Harvie, C. and Lee, H. H., New Regionalism in East Asia: How Does It Relate to the East Asian Economic Development Model?, Department of Economics, University of Wollongong, 2002.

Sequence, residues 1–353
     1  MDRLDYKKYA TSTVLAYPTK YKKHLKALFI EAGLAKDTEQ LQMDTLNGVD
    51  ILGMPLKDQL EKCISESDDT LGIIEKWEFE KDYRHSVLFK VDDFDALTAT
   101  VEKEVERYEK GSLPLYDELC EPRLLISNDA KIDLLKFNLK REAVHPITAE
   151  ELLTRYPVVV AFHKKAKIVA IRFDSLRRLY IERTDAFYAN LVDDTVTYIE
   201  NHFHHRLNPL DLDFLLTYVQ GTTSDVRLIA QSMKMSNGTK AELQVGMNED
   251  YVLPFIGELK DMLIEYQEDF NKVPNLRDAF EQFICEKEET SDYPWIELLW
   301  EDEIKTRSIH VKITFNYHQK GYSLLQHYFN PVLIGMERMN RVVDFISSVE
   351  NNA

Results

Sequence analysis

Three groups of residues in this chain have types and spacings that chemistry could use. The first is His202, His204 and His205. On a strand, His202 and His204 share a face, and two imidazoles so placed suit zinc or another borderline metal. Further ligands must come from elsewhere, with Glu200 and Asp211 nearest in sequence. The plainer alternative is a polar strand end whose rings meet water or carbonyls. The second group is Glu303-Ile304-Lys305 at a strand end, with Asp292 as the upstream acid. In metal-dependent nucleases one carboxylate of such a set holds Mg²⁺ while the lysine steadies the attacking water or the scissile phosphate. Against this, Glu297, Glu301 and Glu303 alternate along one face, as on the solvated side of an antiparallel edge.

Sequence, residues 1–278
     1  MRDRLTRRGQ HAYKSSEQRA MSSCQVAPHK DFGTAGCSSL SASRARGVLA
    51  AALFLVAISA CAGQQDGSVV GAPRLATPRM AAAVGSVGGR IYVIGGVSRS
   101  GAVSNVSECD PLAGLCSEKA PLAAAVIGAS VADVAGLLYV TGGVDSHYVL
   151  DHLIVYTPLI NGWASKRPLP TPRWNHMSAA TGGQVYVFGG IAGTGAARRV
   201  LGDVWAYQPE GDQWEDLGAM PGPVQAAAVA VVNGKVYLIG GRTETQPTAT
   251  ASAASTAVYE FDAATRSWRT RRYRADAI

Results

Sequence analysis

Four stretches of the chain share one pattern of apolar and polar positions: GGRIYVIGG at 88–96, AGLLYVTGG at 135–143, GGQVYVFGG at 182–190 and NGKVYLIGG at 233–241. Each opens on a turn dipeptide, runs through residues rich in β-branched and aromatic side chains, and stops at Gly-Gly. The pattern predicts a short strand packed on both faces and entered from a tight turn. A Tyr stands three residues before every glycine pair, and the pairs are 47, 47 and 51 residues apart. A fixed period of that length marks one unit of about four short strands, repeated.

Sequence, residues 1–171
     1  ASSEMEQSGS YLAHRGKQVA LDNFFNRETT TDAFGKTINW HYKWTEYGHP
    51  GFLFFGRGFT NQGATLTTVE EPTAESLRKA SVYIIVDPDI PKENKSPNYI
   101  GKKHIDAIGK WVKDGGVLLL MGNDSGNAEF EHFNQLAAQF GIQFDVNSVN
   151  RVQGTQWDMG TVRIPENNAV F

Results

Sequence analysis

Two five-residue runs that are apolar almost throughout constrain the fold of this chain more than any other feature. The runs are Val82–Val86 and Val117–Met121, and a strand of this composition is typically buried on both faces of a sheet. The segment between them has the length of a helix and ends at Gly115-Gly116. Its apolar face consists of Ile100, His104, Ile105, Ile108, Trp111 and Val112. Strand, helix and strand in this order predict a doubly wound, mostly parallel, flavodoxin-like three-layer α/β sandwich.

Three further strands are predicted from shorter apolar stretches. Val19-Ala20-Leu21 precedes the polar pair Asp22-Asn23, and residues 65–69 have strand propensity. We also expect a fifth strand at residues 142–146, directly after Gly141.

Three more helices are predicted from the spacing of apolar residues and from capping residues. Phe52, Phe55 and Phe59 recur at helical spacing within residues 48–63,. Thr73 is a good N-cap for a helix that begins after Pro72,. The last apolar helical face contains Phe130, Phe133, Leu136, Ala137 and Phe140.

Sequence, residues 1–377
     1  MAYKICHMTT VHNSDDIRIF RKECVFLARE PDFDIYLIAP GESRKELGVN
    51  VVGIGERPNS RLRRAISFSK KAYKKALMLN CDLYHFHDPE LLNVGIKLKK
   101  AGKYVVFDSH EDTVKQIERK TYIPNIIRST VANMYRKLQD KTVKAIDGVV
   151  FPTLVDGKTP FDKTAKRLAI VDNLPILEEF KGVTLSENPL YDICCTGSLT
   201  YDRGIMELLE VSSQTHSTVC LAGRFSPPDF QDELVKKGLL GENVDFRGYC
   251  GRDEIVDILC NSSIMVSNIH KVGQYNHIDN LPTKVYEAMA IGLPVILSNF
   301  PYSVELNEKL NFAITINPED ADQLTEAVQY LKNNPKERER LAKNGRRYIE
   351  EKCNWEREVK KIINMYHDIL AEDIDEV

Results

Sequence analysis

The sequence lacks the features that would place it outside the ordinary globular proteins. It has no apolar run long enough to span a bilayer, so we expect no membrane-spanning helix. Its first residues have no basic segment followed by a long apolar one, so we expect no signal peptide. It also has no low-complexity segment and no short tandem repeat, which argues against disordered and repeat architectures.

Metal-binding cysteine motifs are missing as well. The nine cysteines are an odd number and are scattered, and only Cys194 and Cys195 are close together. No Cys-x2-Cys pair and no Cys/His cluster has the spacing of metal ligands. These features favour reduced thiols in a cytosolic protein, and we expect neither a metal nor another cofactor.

In recent years a new regionalism has begun to emerge in East Asia that represents a clear break from the region’s strong history of multilateralism. The countries of East Asia have been giving more attention to ways of expanding intra regional trade that include: the establishment of regional trade agreements (RTAs) such as ASEAN+3; plans to establish a free trade area involving the economies of ASEAN and China; as well as moves towards bilateral trade agreements (BTAs). Such a development is important given that an export led growth and development strategy provided the platform for the region’s remarkable, and prolonged, period of high and sustained economic growth dating back to the 1960s, and that lies at the core of the East Asian Development Model (EADM). Export growth will remain a key ingredient for the recovery of the region after the financial and economic crisis of 1997-98. The trend towards this new regionalism, the reasons for it, its impact upon the region, its future evolution and prospects are, therefore, of profound regional, and indeed global, significance This paper focuses upon the meaning and implications of this new regionalism for the “old” EADM, and explores the key ingredients of an emerging “new” EADM growth and development paradigm, incorporating the new regionalism, that appears to be emerging in the wake of the 1997-98 crisis. In doing so the paper proceeds as follows. Section 2 summarises recent developments in regional trade agreements in East Asia, and discusses the factors behind this new tide of regionalism. Section 3 discusses the implications of the new regionalism in the context of the EADM past and present. Section 4 presents some concluding remarks.